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Just gotta believe

It’s easy to find reasons not to write on a daily basis. Life is chock full of them.

School. Work (or looking for work). Family. Household chores. Car repairs. Emergencies. Illness.

Fear. That’s the real reason behind almost all of them, turns out — at least in terms of them being excuses to not write.

What if I can’t finish the story? What if I can’t publish it? What if the story’s not as good as I thought it would be? What if I really don’t have any talent and friends have just been humoring me? What if I self-publish and then the book just sits there and never sells? What if all that work was for nothing?

When life does intervene, such as with the loss of a job or an unexpected illness, all those fears about writing come to the foreground. That’s basically what’s been happening with me and the rationalizations I’ve made to not publish anything on this blog for more than a month now.

Real-life problems don’t often just resolve themselves, and I am dealing with several issues moving forward, but I’m just going to stop making excuses and blaming everything and everybody around me.

Someone told me recently that you just have to believe you are already what you want to become, you’re just waiting for the rest of the world to catch up and recognize it. That sounds like good advice.

So I’m back.

My name is Derick Winterson. I am a writer and an illustrator, and I have a story to tell.

Stick around, won’t you?

 

 

 

 

Visualizing the world

Part of the reason I began working with fractal images was that I just wanted a way to supplement some of the fantasy scenes I had in my mind. I use a few different programs, and fractals seemed like they could be useful. They’ve become a kind of obsession now, and instead of being just an illustration tool, some of the fractals I’ve made have inspired scenes and plot points I want to explore in the book. So here are some recent fractal images (plus the mask, which is mostly just Photoshop) that may help shape the story and build the world of Earthbound: The Quantum Grail.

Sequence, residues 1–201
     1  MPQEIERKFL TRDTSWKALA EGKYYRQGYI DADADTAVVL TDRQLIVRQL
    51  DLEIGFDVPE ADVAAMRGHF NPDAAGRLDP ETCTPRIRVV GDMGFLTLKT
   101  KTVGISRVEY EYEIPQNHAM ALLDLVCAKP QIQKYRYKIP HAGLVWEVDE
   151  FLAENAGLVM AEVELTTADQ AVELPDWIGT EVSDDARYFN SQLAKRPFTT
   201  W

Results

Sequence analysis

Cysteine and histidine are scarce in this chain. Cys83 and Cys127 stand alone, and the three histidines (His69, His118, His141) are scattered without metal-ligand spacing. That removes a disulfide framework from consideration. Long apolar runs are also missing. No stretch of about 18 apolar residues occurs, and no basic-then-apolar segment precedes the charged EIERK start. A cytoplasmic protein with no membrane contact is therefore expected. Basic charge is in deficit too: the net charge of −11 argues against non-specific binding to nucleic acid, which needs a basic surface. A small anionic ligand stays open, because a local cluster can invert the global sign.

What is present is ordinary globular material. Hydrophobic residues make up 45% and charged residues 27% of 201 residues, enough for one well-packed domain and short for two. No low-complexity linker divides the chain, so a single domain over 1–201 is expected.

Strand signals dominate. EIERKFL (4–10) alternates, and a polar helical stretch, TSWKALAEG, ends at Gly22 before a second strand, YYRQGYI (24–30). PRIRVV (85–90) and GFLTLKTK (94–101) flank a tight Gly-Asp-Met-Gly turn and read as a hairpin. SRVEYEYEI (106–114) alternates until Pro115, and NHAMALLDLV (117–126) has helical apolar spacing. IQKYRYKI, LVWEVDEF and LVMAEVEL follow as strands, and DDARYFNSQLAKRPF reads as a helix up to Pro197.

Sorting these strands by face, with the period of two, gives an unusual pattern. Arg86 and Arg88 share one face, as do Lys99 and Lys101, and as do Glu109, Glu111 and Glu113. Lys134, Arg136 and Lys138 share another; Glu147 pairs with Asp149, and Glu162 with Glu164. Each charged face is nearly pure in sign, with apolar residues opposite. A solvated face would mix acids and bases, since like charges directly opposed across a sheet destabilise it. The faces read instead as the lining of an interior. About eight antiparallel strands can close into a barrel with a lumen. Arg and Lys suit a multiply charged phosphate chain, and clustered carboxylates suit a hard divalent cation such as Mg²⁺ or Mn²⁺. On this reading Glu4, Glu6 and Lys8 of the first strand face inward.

Factory Planet

This is one of those ideas that may or may not be useful, but as usual I just think it’s cool enough to share. I’ve always had hopes that Earthbound could be a series one day. (I know, “finish the first one first, crazy guy.”) If our heroes make it out to space, they will inevitably encounter galactic-scale powers that will dwarf anything Earth has to offer. Inspired a bit by Coruscant in Star Wars and by fractals I saw on Mandelbulb Maniacs, I thought that an overpowering alien empire might have an entire planet devoted to manufacturing their war machines. So here’s a concept picture. I hope you all enjoy it. Below is an earlier picture for the silhouetted spaceship, whose name in the Galactic argot translates into English roughly as “Blind God.”

Handsome Jimmy

Jimmy Worthy heads off into the wilderness on his spirit quest, a rite of passage for young men of the Tailacoche tribe. Jimmy, who recently finished juvenile probation, hopes to prove to his family that he can be responsible and mature. Of course, his little sister hasn’t helped by making him the unwitting subject of the “Handsome Jimmy says” meme after posting a picture of him in a bathing suit on her blog.